On 11 May, SDN-microSENSE project members gathered at SINTEF Energy Research in Trondheim to test Use Case 1: Investigation of Cyberattack Scenarios and Methodologies Against EPES. We took the opportunity to talk to Project Coordinator Alfredo González Naranjo (Ayesa) and Sokratis Katsikas (the Norwegian University of Science and Technology – NTNU) about the aims of the use case, the value of European collaboration, and the importance of cybersecurity for electrical power and energy systems (EPES) in an increasingly digital society.
This is the second out of third parts
Launching real cyberattacks in a simulated environment
SDN-microSENSE has developed a number of tools that can counterattack a cyberattack on the electrical grid. All these tools have been tested individually with great success. In Use Case 1, which is led by NTNU and hosted by SINTEF, they are tested as a complete collection to ensure that they work together without conflicts or errors.
SDN-microSENSE project members in the Norwegian Smart Grid Laboratory in Trondheim, which hosted the simulated grid environment. Image: Sondre Aksnes Yggeseth
The tests take the form of launching cyberattacks at a simulated electrical grid that mirrors the real environment. The tools must be able to both detect the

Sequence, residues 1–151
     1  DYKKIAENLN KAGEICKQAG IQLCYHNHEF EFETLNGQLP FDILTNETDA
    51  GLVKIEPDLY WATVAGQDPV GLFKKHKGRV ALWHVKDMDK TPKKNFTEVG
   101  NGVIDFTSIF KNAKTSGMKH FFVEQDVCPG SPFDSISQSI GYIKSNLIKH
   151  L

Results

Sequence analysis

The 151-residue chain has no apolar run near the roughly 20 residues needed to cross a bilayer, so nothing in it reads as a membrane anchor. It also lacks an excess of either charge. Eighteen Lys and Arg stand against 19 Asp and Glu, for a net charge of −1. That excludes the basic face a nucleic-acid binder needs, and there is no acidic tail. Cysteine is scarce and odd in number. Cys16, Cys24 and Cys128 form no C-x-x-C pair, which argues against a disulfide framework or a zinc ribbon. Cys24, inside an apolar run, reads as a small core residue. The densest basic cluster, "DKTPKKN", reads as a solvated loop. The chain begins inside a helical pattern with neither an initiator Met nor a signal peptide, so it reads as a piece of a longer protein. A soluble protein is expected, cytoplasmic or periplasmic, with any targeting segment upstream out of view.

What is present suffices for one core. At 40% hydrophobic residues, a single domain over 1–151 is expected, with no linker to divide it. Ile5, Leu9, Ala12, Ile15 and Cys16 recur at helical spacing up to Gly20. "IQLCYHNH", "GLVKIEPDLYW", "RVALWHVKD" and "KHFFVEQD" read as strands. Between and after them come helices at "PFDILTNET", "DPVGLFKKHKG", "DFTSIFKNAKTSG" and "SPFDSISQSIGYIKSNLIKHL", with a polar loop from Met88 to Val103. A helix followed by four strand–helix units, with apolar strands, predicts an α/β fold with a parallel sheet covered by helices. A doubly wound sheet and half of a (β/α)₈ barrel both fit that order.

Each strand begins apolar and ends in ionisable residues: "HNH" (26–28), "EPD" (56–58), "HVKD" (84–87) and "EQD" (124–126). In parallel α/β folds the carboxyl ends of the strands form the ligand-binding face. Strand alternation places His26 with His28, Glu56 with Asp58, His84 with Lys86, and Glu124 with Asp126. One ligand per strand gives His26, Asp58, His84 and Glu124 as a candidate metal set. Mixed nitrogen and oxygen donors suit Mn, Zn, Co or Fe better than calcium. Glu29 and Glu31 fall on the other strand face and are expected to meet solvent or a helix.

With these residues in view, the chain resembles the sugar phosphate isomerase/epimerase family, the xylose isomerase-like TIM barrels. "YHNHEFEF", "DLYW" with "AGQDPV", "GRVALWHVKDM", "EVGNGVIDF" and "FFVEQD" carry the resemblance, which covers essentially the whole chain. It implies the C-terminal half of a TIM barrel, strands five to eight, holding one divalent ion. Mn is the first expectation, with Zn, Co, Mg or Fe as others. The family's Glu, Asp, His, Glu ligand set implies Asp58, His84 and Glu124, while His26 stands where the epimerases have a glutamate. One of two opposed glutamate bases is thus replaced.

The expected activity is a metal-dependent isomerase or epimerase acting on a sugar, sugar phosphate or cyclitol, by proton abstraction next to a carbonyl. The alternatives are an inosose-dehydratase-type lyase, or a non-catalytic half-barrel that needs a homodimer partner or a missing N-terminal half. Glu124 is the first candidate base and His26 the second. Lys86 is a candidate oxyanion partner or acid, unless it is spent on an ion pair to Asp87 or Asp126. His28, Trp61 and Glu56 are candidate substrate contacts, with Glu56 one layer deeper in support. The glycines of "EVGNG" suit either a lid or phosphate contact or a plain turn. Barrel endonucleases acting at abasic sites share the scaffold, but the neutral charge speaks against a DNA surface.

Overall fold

attack and provide the necessary measurements to help mitigate the attack.
“This is the value of the facilities that NTNU and SINTEF have,” says Sokratis. “You can test the tools in a realistic environment without compromising the real one. Then, when you deploy the tools, they are already more or less tested.”
This form of testing enables the research to be taken to a higher technology readiness level (TRL) than would’ve otherwise been possible – and unlocks opportunities for close collaboration with industry as a result.
“Academic research usually goes up to TRL 3 (Experimental proof of concept), at most TRL 4 (Technology validated in lab),” explains Sokratis. “Industry wants TRL 7 (System prototype demonstration in operational environment) and upwards. Initiatives like this help bridge that gap.”
“Once the solution has been integrated into the portfolio of the industry partners, it increases their number of cybersecurity solutions,” says Alfredo. “This is an important point for industrial partners because it’s a way to expand their potential customer base, services, new tools, and so on.”
“Because there are a lot of tools involved in the use case, there’s a lot of integration to consider and a lot of communication channels between them. So it’s very difficult to test all the different paths,” says Alfredo.
However, this also means that if Use Case 1 is successful, it is reasonable to assume that the other use cases will be too. Various spin-off projects have already been launched that will continue to build on the work started in these use cases.
The blog is also published in the website of SINTEF